Sunday, February 28, 2010

First Short Half Compression Rib

The outboard compression rib on the upper wings is a short (ends at the rear spar) light rib with a compression stick glued on the inboard side. There are some blocks which get added to the nose rib after the gussets are all on so it fits the jig. I temporarily modified the rib jig to clamp the upper and lower sticks tightly to the solid nose rib. Some pieces of carpenter shims and scrap sticks made this easy enough for 2 ribs.

These more than the other ribs need to stay in the jig until the glue is set. I did use a few nails to help hold the nose sticks.

I also left the sticks long at the aft end until gussets are on both sides.

The gussets on the inboard side of each rib need to be trimmed before installing to fit the compression stick. I think it will be installed on the rib as the rib is installed on the wing to get the bolts in and make it all fit correctly.

Rib Leading Edge Fixture

I want the leading edge stick to form a nice straight line when it's installed. Therefore the ends of all the ribs need to be cut to match. To do this I made a simple fixture to use on the table saw to cut the angle on the leading edge of the ribs. The cut is tipped 16.5 degrees from the spar which is both easy to locate from and relevant to getting the leading edge straight.

The references to hold the rib are the front and bottom of the spar, and the top of the rib at the nose. I've since removed the stop below the nose. The other 2 in front of the spar and at the top of the spar are just there so I don't grossly misalign the rib and ruin it.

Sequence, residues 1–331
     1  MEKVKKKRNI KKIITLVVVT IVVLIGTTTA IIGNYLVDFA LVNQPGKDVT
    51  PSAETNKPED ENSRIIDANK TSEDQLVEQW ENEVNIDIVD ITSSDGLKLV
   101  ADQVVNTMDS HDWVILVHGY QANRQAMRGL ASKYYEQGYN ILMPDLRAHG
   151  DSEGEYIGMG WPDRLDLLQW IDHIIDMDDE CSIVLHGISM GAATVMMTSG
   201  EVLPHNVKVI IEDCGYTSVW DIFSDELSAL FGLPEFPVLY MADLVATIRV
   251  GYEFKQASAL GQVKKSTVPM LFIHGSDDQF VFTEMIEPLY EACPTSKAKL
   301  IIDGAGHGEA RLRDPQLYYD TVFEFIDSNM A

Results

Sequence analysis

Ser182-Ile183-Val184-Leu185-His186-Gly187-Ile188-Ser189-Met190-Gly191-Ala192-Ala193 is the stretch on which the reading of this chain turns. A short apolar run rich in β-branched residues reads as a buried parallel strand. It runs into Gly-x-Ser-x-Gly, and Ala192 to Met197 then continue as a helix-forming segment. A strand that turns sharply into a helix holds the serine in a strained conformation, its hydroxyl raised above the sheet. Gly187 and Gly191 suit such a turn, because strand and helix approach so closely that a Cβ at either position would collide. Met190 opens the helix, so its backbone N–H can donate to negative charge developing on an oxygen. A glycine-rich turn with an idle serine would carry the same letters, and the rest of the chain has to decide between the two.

I hold the top of the fixture with my finger tips and the bottom of the rib with my thumb while cutting and it all works very well. The next time you come back to do another stack of ribs it's easy to align the blade with the front of the fixture, just don't cut into it and slowly make it shorter.

The guide stick is glued and screwed to the bottom of the board and everything laid out from it.

Friday, February 26, 2010

Heavy Compression Ribs Finished

All the sections for the Heavy Compression Ribs are finished. They'll be assembled on the wings to assure a tight fit to the spars once the regular ribs are installed. There are only 2 aft sections because the upper wings are cut out for ailerons. On those ribs there are only short sticks added over the spar. The ends of the sticks do not follow the top of the center section but, are bent down so the end of the stick does not touch the fabric on the top of the wing.

Tuesday, February 23, 2010

Building More Heavy Compression Ribs

Today I made the rest of the parts for the other 3 heavy compression ribs. Instead of the complicated cutting I'm gluing 1/4" webs to 7/16" x 1/2" sticks to make the "L" sections. In the factory photo it looks like glue is smeared in the corner like the factory made them of 2 pieces.

Monday, February 22, 2010

Heavy Compression Rib Finished

With the 2 heavy members made I cut the 3 vetical sticks and the gussets to hold them in place. A lot of time was spent getting all these right since each has a different angle on each end. I suspect the factory used square cut pieces for this as they did on the light ribs. For sure the stick in the middle and the gussets could all be done as rectangles.